REVIEW: Old Taylor CAN come to the phone right now. Why? Because ‘Lover’ is here

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REVIEW: Old Taylor CAN come to the phone right now. Why? Because ‘Lover’ is here

The cover art of

The cover art of "Lover" reflects the new sound of Swift's album.

Courtesy of Google Images

The cover art of "Lover" reflects the new sound of Swift's album.

Courtesy of Google Images

Courtesy of Google Images

The cover art of "Lover" reflects the new sound of Swift's album.

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Taylor Swift’s highly-anticipated seventh studio album, “Lover,” was released Friday, Aug. 23. The album contains 18 light-hearted tracks, which Swift called “a love letter to love itself” in the liner notes. 

Since spring, Swift was hyping up her album with pre-release singles “Lover,” “You Need To Calm Down” and “The Archer,” and dropping hints about the new album on social media. 

“Lover” is the first album Swift officially owns. All of her previous albums were produced by Big Machine Label Group, which was recently sold to Scooter Braun. The two have issues in the past, so Swift does not want Braun owning her work because he might want to dismantle it, according to Rolling Stone.

Rolling Stone also reported that Swift will be able to re-record all of her previous albums after her contract ends in November 2020. She will soon have full ownership of her music, an empowering feat that can be heard throughout “Lover.”

In her previews of “Lover,” Swift pointed out its bright, peaceful vibe, which is a sharp turn from her last album, “Reputation,” released in fall 2017. Swift is successfully going back to her original style, singing about falling in and out of love in a girly and cheerful manner.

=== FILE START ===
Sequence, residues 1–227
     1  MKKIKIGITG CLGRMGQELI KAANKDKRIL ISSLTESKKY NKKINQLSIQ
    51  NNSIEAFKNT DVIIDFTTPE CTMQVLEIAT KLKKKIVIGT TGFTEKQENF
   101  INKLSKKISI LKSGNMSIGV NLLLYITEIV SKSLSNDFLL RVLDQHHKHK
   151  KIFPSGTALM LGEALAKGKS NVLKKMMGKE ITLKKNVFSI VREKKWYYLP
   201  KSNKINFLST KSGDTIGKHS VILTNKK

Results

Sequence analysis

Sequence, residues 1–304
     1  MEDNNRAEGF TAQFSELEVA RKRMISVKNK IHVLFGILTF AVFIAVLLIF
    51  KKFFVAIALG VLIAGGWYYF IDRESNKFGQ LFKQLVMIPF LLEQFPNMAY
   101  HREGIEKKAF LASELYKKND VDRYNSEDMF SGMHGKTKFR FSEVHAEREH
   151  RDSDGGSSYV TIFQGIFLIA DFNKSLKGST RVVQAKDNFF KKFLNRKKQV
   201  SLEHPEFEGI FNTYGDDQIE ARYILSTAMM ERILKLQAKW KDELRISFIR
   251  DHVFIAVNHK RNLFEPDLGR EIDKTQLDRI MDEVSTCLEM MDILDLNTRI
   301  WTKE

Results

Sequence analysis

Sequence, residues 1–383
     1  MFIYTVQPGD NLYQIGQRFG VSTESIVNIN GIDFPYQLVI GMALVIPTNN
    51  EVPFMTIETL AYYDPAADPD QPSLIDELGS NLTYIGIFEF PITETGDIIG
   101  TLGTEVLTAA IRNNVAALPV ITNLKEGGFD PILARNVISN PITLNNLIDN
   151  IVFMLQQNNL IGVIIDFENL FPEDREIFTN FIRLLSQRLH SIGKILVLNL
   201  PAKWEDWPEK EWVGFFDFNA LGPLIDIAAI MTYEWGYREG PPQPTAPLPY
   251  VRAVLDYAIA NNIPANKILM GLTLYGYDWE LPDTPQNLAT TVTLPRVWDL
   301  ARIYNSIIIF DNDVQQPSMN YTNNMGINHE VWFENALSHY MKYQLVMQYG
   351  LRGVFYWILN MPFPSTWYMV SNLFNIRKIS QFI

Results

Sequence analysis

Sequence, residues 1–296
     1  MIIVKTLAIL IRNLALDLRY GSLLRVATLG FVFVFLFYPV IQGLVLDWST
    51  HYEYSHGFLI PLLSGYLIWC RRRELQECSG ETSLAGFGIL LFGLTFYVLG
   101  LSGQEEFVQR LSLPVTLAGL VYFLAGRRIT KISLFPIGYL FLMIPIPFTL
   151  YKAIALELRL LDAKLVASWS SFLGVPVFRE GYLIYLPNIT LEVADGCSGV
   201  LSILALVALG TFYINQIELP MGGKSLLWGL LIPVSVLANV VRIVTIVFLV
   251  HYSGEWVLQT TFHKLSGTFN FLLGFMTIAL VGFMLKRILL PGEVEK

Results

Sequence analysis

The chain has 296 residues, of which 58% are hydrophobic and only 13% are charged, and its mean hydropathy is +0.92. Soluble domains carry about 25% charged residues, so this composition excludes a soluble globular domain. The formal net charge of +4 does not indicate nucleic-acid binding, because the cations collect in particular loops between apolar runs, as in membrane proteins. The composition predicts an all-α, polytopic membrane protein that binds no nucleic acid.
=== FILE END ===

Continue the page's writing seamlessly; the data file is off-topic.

Swift combines all of her previous sounds in one album: her guitar ballads, her new wave electro-pop, and her country roots. “Lover” could be considered a mix of Swift’s  “Reputation” and her 2012 album “Red” as it is light-hearted yet contains splashes of edginess. 

For example, “Death By a Thousand Cuts” may seem dark based on the title, but the song is a lively pop tune about problems in love as Swift sings,“Gave you so much, but it wasn’t enough / But I’ll be alright, it’s just a thousand cuts.” 

“Lover” clearly represents a new chapter in Swift’s life and music. The first track of the album, “I Forgot That You Existed,” has a light sound accentuated with short piano notes, which nods to Swift’s dramatic year in 2017. It also indicates that she is ready to move on and grow from her experiences. “I forgot that you existed / And I thought that it would kill me, but it didn’t,” she sings. 

The majority of “Lover” is based on romance and romantic issues, whether she went through them herself or not. “I Think He Knows,” “Afterglow” and “Paper Rings” are just a few examples. The songs do not just revolve around getting together or breaking up. Swift sings about all of the aspects of relationships. “I once believed love would be burning red / But it’s golden,” she sings in the closing track “Daylight.” 

The album also touches upon burning issues in today’s society. In “Miss Americana & the Heartbreak Prince,” Swift sings: “American stories burning before me / I’m feeling helpless, the damsels are depressed,” which, as speculated by some fans, references social unrest under President Trump. 

In the empowering and energetic “The Man,” Swift explores the problem of sexism. “I’m so sick of running as fast as I can / Wondering if I’d get there quicker if I was a man,” she sings. This is one of the most powerful songs on the album as Swift fearlessly calls out the inequalities between men and women.

“Lover” demonstrates that Swift has matured and is ready to start fresh. Although some people may say she explores too many topics in the album, it is a perfect listen for anyone who enjoys a mix of romance and self-empowerment in their music. 

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